The Canucks Fortnite ban is well-meaning, but useless

Photo courtesy of Epic Games

Written by: Gene Cole, Opinions Editor

The Vancouver Canucks made for an interesting headline recently, when the team introduced a video-game ban for the players during away games.

While this affects all games, Fortnite, a massively popular battle royale shooter, has been mentioned as the primary target. Bo Horvat, a centre for the Canucks, defended this ban as being about ensuring the team is bonding and spending time together, but the targeting of video games and Fortnite specifically is probably not worth the time.

This isn’t the first time Fortnite has been named in a news headline about people shirking responsibilities. Last month, an article on a U.K.-based divorce blog noted that nearly 200 divorce cases in the U.K. cited Fortnite as a reason for the divorce (with general online-related addictions being cited in about 5% of all divorces). While there are always some video games garnering a lot of attention and a lot of popularity, Fortnite’s name pops up in very bizarre places.

Why this game specifically is getting mentioned so often? These headlines rope it back to a problem with video games as a whole, but I think it’s a lot deeper than that. There are a few traits of Fortnite and its presence in culture that make a ban seem unnecessary to me.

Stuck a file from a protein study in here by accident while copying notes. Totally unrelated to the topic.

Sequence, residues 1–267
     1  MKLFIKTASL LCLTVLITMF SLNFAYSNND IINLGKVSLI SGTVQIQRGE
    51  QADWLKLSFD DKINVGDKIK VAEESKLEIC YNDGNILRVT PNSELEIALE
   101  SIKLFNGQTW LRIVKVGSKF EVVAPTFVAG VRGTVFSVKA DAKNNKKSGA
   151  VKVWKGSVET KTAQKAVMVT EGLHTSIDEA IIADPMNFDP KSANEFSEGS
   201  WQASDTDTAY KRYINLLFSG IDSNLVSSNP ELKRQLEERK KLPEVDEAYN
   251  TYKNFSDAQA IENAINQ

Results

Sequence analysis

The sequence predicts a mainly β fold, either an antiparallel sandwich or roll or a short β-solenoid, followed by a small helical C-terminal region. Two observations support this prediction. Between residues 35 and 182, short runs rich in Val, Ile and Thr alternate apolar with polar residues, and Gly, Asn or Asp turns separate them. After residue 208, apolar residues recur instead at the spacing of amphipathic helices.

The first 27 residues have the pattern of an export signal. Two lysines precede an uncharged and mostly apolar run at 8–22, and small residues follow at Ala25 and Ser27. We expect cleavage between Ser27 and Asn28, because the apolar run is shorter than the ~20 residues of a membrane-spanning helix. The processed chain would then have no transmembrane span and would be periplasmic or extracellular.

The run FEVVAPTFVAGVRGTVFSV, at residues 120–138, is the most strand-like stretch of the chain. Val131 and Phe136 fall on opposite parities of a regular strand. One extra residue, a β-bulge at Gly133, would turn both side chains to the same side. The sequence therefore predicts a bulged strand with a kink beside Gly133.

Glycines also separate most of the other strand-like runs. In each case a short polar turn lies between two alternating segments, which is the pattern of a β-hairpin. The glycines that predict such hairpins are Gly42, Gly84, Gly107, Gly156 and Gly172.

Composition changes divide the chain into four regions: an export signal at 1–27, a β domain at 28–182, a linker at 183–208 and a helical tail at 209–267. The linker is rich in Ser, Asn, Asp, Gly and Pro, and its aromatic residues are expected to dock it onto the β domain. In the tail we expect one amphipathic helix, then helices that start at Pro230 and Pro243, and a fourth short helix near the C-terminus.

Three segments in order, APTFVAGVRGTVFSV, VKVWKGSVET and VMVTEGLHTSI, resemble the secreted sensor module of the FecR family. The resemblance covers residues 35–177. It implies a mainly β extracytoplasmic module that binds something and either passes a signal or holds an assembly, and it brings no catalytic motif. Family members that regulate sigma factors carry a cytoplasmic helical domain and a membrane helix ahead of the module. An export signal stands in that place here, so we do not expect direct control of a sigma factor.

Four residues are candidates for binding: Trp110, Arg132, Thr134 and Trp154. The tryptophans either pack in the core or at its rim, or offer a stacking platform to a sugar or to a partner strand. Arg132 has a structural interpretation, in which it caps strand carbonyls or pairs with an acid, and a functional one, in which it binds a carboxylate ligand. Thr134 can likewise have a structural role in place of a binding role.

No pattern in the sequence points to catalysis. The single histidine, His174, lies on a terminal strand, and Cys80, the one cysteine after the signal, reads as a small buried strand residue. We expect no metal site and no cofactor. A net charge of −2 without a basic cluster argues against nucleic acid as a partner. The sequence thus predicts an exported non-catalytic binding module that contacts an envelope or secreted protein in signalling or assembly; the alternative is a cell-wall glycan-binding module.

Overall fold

Just a game

Athletes are often treated as being larger than life, but the fact is that the Canucks’ players are employees. At their core, like retail workers or office clerks, they have a routine to which they have to adhere if they want to get paid.

The day-to-day events and expectations differ in certain ways, but if these players value their jobs and respect their teams, then freedom to play video games shouldn’t get in their way. If they don’t meet their job’s standards, then they’ll likely be removed or singled out for their job performance.

There’s some debate between certain players on whether there are actually players skipping their responsibilities to play Fortnite or other games, but if they were, the headlines should be about the obsessed players being fired or approached about it. Gaming in general is like any other hobby; some people get too into it. But it’s a worldwide industry and pastime, making this ban feel archaic and equivalent to banning books or movies.

Free and accessible

For those who have never played Fortnite, it’s beyond easy to get started. The game is free to download on most gaming consoles, and starting a game is as easy as hitting a “start” button. Doing poorly in the game has no consequences besides losing experience points, so you have nothing to lose by trying it. When you see a friend or a popular streamer playing it, there’s little reason not to try it if you find it interesting.